“A man is in a shop and thinks about stealing an object,” said Georges Sauveur, a Paris lawyer who has defended several terrorism suspects, including one of the men who accompanied Mr. Abballa to the forest in 2011 to slaughter the rabbits. “What do you do? You put him in jail?”
Mr. Sauveur added, “You can’t put him in jail unless he takes the next step and attempts to steal something.”
While the legal systems may be different, the United States faced many of the same problems in their interactions with Mr. Mateen, who when questioned by the authorities about earlier threats of violence insisted that he had said those things because he was angry after facing discrimination.
After Mr. Mateen’s massacre, James B. Comey, the director of the F.B.I., said the file on Mr. Mateen had been one of “hundreds and hundreds of cases all across the country,” and compared the task of weeding out those who are expressing extremist ideas from those who may act on those ideas to “looking for needles in a nationwide haystack.“
The simple fact of the matter is that we don’t have the resources to track every potential ‘lone wolf’ terrorist that may be out there, and that it’s not clear exactly what the law can or should do with someone who expresses opinions that may appear to be sympathetic to jihadists but hasn’t acted in a manner that would threaten anyone. In some cases, the FBI has taken information about such people and used it to set up sting operations that involve agents playing the role of terror group ‘contacts’ who are seemingly helping the target plan and gather the resources for a terror attack. Once the operation reaches a certain point, they lower the hammer, conduct a high profile arrest, and issue a press release claiming a victory in the “War On Terror.” The end result of each of those cases has typically involved the Defendant entering a guilty plea and receiving a sentence that means they’ll spend much of their natural lives as a guest of the Federal Bureau of Prisons. Each time one of those arrests occurs, though, I have to wonder what such sting operations are accomplishing. In many cases, they seem as though they have accomplished nothing but catch a wanna be terrorist who wouldn’t have been able to accomplish anything dangerous on their own, and in any case we have yet to run across any such case that brought down someone on the level of Major Hasan, the Tsarnaev brothers, Syed Farook, or Omar Mateen and, as I noted, when those men did come to the attention of the FBI or other law enforcement agencies there were no indications that they were planning anything, much less that they were capable of pulling off the kind of attacks that they ultimately did.
Both sides of the political aisle in Washington seem to believe that the best way to fight ‘lone wolf’ terrorism at home is to take on, and ultimately defeat ISIS where it is located. Under this logic, these people are drawn to ISIS in no small part because of the success that it has had on the ground in creating a rudimentary state and recreating the ‘Caliphate’ that many radical jihadists dream of restoring to the Middle East. Destroy that quasi-state, they argue, and you destroy the inspiration for the ‘lone wolf.’ The problem with that argument is two-fold. First of all,, it’s already apparent that ISIS is preparing for the eventuality that its base in Syria may no longer be hospitable in the future. As a result, they’ve already started moving resources to other parts of the region where they can exploit instability to establish a base of operations. Two such areas that have seen an increase in ISIS-related are Libya and Yemen. Even if we defeat ISIS on the ground in Syria, and that’s far from a given at this point, it’s likely that we’ll be playing a game of anti-terrorist whack-a-mole for decades to come thanks to the ability of the terrorist to adapt simply by moving from one lawless region to another. If that happens, then it seems unlikely that the ‘lone wolf’ would be discouraged by events in Syria and Iraq. Secondly, even if ISIS eventually disappears the propaganda it has created will remain behind for others to pick up and spread in the name of jihad, and those so-inclined will likely be able to easily find it on the Internet. In that case, we may end up dealing with a ‘lone wolf’ dedicating to avenging the defeat of ISIS, and that would be just as dangerous.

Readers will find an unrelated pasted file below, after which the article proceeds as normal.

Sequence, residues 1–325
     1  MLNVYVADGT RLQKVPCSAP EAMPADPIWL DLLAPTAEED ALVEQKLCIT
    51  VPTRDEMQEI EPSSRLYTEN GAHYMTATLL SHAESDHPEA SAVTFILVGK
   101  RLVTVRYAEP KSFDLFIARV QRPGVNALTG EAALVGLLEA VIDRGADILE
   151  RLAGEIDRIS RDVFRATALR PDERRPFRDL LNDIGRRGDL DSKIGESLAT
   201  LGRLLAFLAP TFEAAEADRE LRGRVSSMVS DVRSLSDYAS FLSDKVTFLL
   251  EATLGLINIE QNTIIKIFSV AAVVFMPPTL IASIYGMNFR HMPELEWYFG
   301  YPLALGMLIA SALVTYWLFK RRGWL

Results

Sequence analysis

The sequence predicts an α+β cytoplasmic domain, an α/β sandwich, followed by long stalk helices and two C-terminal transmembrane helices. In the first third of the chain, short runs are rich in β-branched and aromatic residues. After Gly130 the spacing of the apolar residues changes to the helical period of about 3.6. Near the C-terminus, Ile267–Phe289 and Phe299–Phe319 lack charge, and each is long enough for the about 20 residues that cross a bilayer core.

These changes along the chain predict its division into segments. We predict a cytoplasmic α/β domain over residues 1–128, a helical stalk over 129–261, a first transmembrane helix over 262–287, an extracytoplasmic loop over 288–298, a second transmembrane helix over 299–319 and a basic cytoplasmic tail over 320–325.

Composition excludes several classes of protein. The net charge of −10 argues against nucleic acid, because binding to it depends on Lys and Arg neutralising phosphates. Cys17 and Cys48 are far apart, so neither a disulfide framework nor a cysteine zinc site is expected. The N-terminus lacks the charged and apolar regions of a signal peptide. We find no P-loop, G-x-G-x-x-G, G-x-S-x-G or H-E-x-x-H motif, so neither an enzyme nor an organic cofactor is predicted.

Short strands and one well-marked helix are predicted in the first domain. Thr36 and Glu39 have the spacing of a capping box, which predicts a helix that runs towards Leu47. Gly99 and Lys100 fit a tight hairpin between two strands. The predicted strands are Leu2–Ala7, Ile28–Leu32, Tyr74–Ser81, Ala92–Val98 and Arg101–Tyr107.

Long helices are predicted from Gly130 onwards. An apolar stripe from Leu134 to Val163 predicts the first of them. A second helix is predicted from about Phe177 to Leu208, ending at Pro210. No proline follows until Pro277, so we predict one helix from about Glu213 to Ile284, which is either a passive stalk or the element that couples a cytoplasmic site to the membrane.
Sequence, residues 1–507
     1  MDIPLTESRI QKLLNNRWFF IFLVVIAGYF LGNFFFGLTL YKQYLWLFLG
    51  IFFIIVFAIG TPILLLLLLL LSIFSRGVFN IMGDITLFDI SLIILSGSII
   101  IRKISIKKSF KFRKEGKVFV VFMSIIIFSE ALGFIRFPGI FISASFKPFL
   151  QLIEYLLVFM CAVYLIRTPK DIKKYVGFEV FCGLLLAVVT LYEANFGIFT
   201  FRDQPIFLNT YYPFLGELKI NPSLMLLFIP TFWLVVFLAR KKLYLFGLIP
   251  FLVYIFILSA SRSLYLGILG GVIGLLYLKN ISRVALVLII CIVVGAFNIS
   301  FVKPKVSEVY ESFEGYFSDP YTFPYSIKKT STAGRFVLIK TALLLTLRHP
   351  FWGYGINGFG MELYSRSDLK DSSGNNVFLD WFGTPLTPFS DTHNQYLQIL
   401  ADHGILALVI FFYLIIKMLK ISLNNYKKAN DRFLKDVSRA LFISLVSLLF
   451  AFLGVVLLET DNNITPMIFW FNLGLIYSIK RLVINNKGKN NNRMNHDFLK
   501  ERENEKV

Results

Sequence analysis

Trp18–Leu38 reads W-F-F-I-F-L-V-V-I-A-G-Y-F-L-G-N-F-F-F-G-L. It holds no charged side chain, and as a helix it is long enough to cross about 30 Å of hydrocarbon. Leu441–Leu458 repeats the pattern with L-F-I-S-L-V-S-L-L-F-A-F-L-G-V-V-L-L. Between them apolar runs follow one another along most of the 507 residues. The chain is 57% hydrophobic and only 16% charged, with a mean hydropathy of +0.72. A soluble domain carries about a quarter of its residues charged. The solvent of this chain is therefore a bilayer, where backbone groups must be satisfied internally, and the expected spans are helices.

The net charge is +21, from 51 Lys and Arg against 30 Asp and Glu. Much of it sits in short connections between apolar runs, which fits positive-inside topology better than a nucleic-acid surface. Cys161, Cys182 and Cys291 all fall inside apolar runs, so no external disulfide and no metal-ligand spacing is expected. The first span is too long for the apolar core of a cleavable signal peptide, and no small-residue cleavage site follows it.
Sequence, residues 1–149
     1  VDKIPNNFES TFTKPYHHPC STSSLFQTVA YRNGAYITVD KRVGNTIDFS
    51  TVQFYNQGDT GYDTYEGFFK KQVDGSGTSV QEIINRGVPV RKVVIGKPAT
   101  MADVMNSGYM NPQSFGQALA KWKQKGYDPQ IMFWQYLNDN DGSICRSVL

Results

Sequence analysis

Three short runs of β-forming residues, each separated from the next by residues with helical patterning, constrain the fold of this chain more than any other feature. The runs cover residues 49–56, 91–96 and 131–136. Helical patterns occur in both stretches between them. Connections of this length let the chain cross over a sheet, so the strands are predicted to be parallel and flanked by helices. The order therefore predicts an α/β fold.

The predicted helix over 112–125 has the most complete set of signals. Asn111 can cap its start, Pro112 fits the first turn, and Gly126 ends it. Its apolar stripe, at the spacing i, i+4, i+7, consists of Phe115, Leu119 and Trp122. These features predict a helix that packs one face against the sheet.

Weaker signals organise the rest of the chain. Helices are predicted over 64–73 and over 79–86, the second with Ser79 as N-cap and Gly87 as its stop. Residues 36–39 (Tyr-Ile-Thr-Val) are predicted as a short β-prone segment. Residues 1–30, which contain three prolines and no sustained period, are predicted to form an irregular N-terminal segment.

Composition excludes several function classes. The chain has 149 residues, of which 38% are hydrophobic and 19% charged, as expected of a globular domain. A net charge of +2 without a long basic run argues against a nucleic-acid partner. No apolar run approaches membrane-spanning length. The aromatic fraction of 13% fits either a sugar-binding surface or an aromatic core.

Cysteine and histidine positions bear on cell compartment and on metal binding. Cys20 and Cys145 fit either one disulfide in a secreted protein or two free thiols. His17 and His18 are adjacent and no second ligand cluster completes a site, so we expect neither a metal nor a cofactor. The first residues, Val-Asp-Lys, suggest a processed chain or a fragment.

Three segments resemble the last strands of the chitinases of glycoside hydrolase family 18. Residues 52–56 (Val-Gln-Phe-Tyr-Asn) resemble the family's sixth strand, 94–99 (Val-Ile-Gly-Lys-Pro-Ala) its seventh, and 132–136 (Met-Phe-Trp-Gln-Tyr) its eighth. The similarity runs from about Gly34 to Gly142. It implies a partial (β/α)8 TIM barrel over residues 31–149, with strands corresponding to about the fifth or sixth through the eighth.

This is the danger of the ‘lone wolf,’ and I’m honestly not sure what law enforcement can do about it short of measures that would involve massive violations of civil liberties, and that’s a price no American should be willing to pay.